One gripe-Manchuria was like 85-90% Han even during the Manchukuo era, and is now 95-98% Han now, and an autonomy there makes no sense. Maybe substitute them with the Zhuang/Yunnan Mountain peoples on the southern fringe that are far more numerous than the Manchu?So here's a quick little thing I finished up today. The initial POD is that Japan takes longer to surrender at the end of WWII, and so Korea is never divided, and thus China can focus it's attention on reunification with Taiwan around 1950. This also gave me a chance to use some of the less used parts of the THICC color code.
View attachment 555610
I just made it using paint.netVery good map! How did you make it, with which software and resource?
What does this Rhineland language look like?
Kangokia uses a custom language I made which is derived from middle Chinese. For example, final stops like k are preserved.
Which reminds me, we need to come up with titles for the map threads, because this is the fastest moving thread outside of chat.So quick question - Since Map Thread XX will probably start in a couple of weeks, would anyone be interested in seeing a "Most Popular" list for XIX? A quick scan of the first 50 pgs of this thread has shown that there's going to be _a lot_ of maps with 40+ likes, so I figured it might be worthwhile to start compiling the list now - especially in order to have it ready for posting on either the 1st or 2nd pg of the next thread. Thanks!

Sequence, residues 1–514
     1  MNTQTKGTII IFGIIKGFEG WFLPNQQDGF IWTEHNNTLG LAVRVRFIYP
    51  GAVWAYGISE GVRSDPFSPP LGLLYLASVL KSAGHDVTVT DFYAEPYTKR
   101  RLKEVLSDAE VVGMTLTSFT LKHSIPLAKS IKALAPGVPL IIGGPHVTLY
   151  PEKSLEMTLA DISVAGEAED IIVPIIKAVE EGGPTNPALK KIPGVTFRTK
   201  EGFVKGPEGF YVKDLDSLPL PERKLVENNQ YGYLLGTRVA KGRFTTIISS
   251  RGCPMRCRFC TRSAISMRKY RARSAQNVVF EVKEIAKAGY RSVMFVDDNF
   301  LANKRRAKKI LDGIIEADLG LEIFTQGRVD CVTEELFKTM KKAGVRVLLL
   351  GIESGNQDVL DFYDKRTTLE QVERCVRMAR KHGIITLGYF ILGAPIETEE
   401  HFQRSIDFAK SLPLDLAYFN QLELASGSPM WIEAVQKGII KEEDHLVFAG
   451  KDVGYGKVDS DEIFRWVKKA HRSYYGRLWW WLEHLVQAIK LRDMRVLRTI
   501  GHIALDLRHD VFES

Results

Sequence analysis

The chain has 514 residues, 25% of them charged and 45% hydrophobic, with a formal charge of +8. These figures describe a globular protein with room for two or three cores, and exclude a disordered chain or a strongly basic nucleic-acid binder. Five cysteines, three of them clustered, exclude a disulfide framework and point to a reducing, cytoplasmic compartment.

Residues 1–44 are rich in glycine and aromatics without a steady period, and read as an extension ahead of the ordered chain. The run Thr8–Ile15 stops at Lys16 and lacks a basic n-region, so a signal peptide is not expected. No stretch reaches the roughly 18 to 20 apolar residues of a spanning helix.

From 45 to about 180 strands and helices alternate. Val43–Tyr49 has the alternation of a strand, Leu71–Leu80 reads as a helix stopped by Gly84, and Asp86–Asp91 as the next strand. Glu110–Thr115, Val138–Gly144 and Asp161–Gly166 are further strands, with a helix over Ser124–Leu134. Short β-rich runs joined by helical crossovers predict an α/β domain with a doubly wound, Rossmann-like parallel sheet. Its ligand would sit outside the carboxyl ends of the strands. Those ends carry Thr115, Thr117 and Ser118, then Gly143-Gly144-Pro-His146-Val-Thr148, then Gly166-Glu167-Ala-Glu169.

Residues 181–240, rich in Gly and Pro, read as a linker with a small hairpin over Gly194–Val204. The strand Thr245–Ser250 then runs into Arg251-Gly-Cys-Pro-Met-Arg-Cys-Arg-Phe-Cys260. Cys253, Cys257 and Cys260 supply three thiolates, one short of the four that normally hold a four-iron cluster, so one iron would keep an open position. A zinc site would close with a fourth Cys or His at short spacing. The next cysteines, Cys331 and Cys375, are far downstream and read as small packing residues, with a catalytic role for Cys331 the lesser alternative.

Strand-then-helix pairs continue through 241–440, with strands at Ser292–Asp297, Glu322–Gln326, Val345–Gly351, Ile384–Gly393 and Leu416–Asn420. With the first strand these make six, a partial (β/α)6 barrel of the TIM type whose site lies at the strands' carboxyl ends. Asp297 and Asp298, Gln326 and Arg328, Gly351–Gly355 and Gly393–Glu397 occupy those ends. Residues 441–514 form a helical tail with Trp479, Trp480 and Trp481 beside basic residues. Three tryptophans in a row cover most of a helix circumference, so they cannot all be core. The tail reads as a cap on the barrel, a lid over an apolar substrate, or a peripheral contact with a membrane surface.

I certainly can help. Where do you want me to start?So quick question - Since Map Thread XX will probably start in a couple of weeks, would anyone be interested in seeing a "Most Popular" list for XIX? A quick scan of the first 50 pgs of this thread has shown that there's going to be _a lot_ of maps with 40+ likes, so I figured it might be worthwhile to start compiling the list now - especially in order to have it ready for posting on either the 1st or 2nd pg of the next thread. Thanks!
This reminds me of something I thought of a while back. Do we have map resources–in the standard map sizes and projections–for things like the whole world’s watersheds and continental divides? I don’t remember seeing them in the blank map threads (but then those are so huge it’s hard to find anything. If we have those, we could overlay them on an existing map (alongside, say, a physical map) and making pretty alternative borders would be that much easier.First attempt at mapmaking.